Madison Co., Georgia, 1864—14-year old Georgie Wax has spent the three years since his father left for the war looking after the family farm. WIth his mother and young brothers, Georgie and his grandfather Lafayette "Fate" Eschenbach have brought in the crops every fall, slaughtered the hogs every winter, and kept the farm running as the faraway war stretches on longer and longer and his father seems ever farther and farther away.
But when the enemy reaches their own state, Georgie and his grandfather are called up to the militia to protect Georgia against the invaders. Drilled mercilessly, mocked for lack of experience, and put to work at manual labor, Georgie finds war isn't the adventure he imagined it to be. Only with Atlanta fallen and the enemy on the move will Georgie, Fate, and their fellow Georgia militiamen find a chance to prove themselves and save their homes from destruction—at a railside factory town called Griswoldville.
WHAT READERS ARE SAYING:
I am an avid reader of American history, particularly as it relates to my native Georgia. Although I often have been disappointed with historical fiction . . . I decided to give Griswoldville a try. The historical background is familiar to me, particularly since I lost a 55 year old great-great grandfather in that tragic battle. Jordan Poss relates this American tragedy in a compelling, insightful manner. He advances the narrative wonderfully through compelling, very realistic characters. His prose is poetic at times, but spare and real. I highly recommend this page turner!
—Wayne on Amazon.com
Griswoldville could fit in several categories. It’s a coming of age tale, a multi-generational drama, a war novel, and a work of historical fiction. . . . [T]his is a book you really should read. Poss has done his homework on the topics at hand. The dates and places follow along the historic record. He paints the picture of Georgia before and during the war, including an accurate portrayal of the striated social class system.
His descriptions drop you into a country church, along a dirt road, around the fire at story time. You get the sights, the sounds, the smells. You find yourself in Georgia in the mid-19th century. It’s hard to come across a narrative that is so historically accurate while maintaining that personality, that soul. Griswoldville has both.
—Sam Burnham, curator at All the Biscuits in Georgia
I love the Civil War era. As a native South Carolinian, I understand the southern perspective of life that is so often misconstrued in modern literature. This novel, however, captured so well the rural south that I grew up knowing, with all its joys and all its faults. I found this to be an extremely readable novel while also staying true to the time period with dialogue and vocabulary. It read like a memoir of someone who lived during the late 1800s. . . .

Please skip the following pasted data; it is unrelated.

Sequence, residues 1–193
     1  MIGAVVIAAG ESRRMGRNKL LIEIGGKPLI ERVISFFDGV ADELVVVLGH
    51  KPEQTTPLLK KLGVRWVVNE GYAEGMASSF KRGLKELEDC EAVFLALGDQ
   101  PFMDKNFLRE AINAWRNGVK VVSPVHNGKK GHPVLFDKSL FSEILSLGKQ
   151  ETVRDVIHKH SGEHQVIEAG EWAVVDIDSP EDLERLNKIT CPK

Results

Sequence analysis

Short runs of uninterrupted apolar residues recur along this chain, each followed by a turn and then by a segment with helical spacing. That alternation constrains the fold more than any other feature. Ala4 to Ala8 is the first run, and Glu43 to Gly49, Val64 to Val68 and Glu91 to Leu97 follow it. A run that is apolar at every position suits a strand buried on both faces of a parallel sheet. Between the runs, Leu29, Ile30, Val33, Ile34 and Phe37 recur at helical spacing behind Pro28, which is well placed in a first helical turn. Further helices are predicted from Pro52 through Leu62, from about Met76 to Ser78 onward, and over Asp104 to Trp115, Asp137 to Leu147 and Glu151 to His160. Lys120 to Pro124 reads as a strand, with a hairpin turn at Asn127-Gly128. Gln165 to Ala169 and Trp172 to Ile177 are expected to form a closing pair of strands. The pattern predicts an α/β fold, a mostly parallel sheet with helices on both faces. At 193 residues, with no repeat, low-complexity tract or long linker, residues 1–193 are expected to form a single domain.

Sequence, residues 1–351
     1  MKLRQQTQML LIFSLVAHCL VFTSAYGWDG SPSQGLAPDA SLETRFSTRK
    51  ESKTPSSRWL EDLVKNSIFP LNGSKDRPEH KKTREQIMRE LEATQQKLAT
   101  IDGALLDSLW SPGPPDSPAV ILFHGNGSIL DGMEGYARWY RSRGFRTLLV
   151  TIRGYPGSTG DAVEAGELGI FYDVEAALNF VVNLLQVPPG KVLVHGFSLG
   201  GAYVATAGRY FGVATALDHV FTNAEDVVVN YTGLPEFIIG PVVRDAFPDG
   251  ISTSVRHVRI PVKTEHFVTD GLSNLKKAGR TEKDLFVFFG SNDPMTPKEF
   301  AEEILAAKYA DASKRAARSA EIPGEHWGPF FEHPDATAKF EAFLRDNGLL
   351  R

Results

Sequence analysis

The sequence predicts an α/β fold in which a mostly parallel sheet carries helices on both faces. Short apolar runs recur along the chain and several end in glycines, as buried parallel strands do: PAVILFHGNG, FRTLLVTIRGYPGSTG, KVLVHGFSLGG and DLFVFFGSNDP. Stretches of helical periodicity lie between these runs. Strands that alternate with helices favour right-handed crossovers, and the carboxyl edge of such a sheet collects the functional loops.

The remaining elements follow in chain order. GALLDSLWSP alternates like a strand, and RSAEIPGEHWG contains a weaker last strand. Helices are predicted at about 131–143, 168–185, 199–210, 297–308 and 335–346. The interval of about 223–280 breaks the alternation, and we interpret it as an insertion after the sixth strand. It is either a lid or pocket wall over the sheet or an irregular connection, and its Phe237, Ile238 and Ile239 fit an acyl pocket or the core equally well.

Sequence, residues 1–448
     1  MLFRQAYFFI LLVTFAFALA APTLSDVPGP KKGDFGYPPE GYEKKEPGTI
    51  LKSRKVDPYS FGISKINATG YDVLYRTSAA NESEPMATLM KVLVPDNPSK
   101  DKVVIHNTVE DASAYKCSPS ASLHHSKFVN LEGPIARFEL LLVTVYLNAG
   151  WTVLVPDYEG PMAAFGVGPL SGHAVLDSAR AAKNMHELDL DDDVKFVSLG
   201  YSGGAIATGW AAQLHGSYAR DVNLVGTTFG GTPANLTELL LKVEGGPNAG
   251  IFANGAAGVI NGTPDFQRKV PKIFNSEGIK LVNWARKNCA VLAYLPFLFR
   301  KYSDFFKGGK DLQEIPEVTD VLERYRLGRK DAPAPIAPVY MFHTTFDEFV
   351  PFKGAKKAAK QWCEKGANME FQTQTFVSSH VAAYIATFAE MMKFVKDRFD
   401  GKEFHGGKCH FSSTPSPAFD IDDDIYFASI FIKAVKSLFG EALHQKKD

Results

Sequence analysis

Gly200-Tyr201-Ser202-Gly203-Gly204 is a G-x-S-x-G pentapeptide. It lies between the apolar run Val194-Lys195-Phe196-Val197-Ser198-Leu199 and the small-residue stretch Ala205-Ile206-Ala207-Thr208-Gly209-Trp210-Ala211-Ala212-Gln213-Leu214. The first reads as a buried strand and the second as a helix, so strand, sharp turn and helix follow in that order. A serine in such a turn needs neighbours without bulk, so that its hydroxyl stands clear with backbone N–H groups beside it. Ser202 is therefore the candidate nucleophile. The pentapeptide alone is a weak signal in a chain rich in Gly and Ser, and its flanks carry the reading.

I was also drawn in by the relationship shared between Georgie and his grandfather. . . . The beauty of this relationship brought tears to my eyes! . . .
I enjoyed learning something new through this story about Civil War history—a story that has been little told through the years. I love how the author took a footnote from history and turned what has been deemed an insignificant “battle” into the most significant point of one man's story.
—Rob on Goodreads
It was difficult to set this book aside so that I could get a good night of rest . . . [T]he settings and characters of this novel are rich and engaging. Written from the viewpoint of Georgie Wax, whom we first meet as a 10-year-old on a Georgia farm, Griswoldville portrays his pride, joy and shame deeply, as he and his family are thrust into the defense of his state during the Civil War. I love the readability of this book, the beautiful word smithing . . . The characters are wonderful and I cared deeply about them. The realities of farm life and the rigors of army life, Georgie’s love of all things chivalrous, heroic and adventuresome combine to make Georgie a wholly believable militiaman, by the time he is thirteen. You will love him, his family and the nobility with which Jordan Poss imbues him. . . . Responsibility, family, boyish idealism, honest emotion, the profane and the sacred all come together in a highly readable book for lovers of good storytelling.
—HuntSouth on Amazon.com
However, I found this novel particularly readable. The best history is local history, and Poss brings his knowledge of rural Georgia and southern family dynamics to bear on this “discovered memoir.”
—Jay on Goodreads